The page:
## Friday, May 22, 2009

### Cell invasion (4) : Numerical solution of drift-diffusion equation

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The cell invasion problem requires an accurate numerical solution of coupled partial differential equations. The fields (concentration profiles) f(z,t) will depend on one spatial coordinate z and the time t. The spatial coordinates will be restricted to the intervall [0,len], with well-defined boundary conditions at the left and right limits: The current must dissapear outside the intervall.

I will try to solve this problem by discretizing the z-coordinate into a regular grid,
z_k = k\;\Delta z,

and then treating each z_k as a separate dynamical variable. The problem can thereby be mapped onto a set of coupled ordinary differential equations, which are solved with the Runga-Kutta method.

As a simple test and practice case, consider the drift-diffusion equation
\frac{\partial}{\partial t}c(z,t) = - v \frac{\partial}{\partial z}c(z,t) + D \frac{\partial^2}{\partial z^2}c(z,t),

with position- and time-independent diffusion constant D and drift velocity v.

For the following tests, we set the initial distribution c(z,t) equal to a narrow, normalized Gaussian (variance=10), placed at the center of the intervall. The spatial resolution is set to dz=1.

Test 1: Free diffusion in a box

First we set the drift-velocity equal zero. The initial peak should broaden with time. Asymptotically, a flat distribution should develop, while the integral (total particle number) is preserved. The simulation shows the expected behaviour:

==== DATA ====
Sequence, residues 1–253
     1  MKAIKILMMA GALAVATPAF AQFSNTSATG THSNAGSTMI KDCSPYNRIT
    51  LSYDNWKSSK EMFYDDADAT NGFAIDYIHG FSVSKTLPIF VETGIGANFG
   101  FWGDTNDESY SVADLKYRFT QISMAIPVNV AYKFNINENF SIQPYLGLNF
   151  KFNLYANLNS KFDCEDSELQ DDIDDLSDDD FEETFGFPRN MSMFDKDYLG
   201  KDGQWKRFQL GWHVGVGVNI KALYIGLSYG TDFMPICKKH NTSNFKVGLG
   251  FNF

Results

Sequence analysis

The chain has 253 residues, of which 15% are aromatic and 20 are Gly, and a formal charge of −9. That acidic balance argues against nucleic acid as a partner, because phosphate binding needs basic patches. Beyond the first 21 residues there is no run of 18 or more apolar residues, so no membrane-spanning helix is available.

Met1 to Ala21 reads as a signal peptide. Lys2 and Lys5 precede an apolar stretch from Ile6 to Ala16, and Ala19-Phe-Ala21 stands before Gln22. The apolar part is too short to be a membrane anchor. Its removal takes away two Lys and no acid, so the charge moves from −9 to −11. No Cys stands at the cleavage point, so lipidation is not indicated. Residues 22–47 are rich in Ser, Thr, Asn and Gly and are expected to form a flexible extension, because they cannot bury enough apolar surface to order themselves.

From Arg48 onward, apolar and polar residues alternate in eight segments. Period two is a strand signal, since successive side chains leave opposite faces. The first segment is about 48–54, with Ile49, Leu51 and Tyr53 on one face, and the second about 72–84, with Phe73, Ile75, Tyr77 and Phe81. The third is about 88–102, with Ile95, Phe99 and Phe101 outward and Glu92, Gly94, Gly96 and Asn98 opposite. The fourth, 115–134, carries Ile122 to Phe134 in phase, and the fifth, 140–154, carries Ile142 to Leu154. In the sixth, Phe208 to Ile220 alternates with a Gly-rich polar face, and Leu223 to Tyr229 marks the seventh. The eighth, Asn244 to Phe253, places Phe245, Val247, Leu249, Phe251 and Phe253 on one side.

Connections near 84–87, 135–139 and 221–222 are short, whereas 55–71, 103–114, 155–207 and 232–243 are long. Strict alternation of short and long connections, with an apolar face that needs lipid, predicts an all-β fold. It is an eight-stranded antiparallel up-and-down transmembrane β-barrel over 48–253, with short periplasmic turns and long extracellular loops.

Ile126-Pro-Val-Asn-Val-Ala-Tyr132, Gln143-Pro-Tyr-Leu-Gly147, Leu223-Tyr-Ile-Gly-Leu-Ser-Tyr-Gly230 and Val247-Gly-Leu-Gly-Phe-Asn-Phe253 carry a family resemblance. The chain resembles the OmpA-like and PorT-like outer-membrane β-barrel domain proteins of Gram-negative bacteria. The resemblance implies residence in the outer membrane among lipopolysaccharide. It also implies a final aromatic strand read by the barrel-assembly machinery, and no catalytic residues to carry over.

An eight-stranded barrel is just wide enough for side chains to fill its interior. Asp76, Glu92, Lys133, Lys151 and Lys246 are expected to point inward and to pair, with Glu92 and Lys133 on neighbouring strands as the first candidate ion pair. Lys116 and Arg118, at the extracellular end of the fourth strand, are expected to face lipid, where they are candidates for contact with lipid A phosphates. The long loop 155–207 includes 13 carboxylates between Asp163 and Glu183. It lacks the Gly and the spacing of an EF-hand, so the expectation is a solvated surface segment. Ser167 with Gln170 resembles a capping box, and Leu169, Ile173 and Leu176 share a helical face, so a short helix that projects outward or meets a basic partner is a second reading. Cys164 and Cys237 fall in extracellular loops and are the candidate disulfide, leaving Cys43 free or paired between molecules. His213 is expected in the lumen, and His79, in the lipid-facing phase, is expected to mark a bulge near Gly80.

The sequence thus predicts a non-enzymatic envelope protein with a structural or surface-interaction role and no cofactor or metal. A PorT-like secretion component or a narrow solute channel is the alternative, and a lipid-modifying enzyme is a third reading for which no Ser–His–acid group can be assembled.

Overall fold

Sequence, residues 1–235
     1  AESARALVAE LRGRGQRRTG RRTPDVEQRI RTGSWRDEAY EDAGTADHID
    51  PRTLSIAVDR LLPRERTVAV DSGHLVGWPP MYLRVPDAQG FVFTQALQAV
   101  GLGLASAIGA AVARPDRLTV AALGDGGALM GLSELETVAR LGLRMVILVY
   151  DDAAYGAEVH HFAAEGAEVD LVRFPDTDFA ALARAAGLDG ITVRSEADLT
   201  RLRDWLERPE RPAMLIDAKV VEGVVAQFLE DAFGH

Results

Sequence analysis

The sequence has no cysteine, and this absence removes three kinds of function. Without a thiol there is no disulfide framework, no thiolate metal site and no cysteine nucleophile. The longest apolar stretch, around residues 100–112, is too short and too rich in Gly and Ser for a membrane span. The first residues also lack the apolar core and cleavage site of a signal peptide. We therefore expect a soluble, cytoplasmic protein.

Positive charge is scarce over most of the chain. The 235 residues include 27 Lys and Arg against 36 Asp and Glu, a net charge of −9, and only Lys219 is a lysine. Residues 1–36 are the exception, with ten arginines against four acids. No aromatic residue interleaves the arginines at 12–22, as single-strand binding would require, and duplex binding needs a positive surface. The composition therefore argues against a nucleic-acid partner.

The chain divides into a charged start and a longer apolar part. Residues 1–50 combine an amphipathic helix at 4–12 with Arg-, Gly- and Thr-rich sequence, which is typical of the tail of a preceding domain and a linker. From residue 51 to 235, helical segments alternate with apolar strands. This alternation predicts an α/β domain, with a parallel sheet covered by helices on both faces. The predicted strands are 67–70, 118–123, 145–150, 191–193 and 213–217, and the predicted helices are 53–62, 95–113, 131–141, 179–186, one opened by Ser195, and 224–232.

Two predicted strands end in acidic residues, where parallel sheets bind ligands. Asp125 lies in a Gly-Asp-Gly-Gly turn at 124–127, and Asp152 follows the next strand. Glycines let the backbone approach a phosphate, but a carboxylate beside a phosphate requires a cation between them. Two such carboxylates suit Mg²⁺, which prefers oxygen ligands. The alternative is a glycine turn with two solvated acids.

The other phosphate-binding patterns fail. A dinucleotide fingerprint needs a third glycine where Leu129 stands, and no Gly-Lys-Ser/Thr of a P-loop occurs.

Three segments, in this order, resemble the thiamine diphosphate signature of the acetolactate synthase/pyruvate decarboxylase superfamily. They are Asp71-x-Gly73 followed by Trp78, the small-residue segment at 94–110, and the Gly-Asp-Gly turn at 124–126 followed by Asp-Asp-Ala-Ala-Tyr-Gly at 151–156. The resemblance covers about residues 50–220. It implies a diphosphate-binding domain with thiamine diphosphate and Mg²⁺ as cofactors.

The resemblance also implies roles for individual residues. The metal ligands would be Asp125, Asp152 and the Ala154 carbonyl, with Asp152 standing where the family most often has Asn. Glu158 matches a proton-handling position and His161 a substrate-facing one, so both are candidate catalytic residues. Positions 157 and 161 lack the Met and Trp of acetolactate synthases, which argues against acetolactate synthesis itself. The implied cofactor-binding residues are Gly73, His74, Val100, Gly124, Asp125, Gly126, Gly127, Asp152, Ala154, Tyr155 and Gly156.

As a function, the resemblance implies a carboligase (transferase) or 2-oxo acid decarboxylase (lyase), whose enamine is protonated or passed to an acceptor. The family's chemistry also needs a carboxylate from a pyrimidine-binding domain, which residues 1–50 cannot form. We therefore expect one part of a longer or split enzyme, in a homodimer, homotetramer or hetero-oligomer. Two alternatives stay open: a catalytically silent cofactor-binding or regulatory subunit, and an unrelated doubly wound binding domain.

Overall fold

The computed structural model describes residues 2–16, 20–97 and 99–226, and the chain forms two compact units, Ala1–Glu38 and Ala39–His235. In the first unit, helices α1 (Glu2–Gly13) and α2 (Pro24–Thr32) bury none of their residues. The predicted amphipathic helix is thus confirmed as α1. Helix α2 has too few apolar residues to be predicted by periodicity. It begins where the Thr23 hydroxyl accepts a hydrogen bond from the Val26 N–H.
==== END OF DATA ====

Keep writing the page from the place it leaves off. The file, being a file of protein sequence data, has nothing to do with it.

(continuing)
Test 2: Diffusion with drift (boundaries far away)

The case of combined diffusion and drift has been compared directly with the analytical solution (solid lines). One expects the center z_c(t) of the Gaussian to move according to
z_c(t) = v\;t

and the variance to grow linearly
\sigma^2(t)=\sigma^2(0)+ 2Dt

The simulation (dashed lines) fits the analytical curves nicely, even for the modest spatial resolution of dz=1:

Test 3: Diffusion with drift against a wall

Finally, we choose a negative drift velocity and wait until the distribution is pushed againts the left wall. We now expect the stationary solution
c(z)=\frac{v}{D}\;e^{-(v/D)z}.

Again, the simulation (symbols) agrees very well with the analytical solution (solid lines):

As a conclusion, the simple numerical method seems to work as expected. I have also checked that the results do not change significantly when the resolution dz is reduced.

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1. Hello Dr. Metzner.
I am a student of Physics at the Indian Institute of Science Education & Research, Kolkata.
I have been studying the Smoluchowski convection-diffusion equation for some time and wish to try it out hands on. I have proceeded a bit with a simple finite difference integration scheme which is very coarse.
If you can send me the Runge-Kutta code at abhranil[at]abhranil[dot]net, I can adapt it into python and learn a bit about both the equation and how RK offers advantages. I will be happy to share the results in my own blog and let you know. I do not intend to do any serious work on it, but if I do, I assure you that due credit shall be given for your code.
Thanks a lot!

1. Hello,

thanks for your comment. Here is some example code in C++ how to solve a coupled set of ordinary differential equations with Runge-Kutta forward integration:

https://dl.dropboxusercontent.com/u/1720979/blogMaterial/GMD.zip

The example is not diffusion, but two bodies in 3D with gravitational attraction. The central Runge-Kutta routine is called "DoContinuousChanges" in the main program "GMD.cpp".

Have fun,
Claus.